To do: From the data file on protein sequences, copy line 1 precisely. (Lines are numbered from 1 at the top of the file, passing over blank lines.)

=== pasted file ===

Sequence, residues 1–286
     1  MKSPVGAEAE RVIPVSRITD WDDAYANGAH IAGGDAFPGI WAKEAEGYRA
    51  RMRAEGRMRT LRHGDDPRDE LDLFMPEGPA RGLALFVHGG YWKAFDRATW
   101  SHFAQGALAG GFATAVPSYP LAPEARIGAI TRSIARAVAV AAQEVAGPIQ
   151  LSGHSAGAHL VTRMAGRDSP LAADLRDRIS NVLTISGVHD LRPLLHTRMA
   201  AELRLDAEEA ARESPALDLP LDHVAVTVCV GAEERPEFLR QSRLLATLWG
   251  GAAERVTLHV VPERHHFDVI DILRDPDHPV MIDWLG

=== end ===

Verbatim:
Sequence, residues 1–286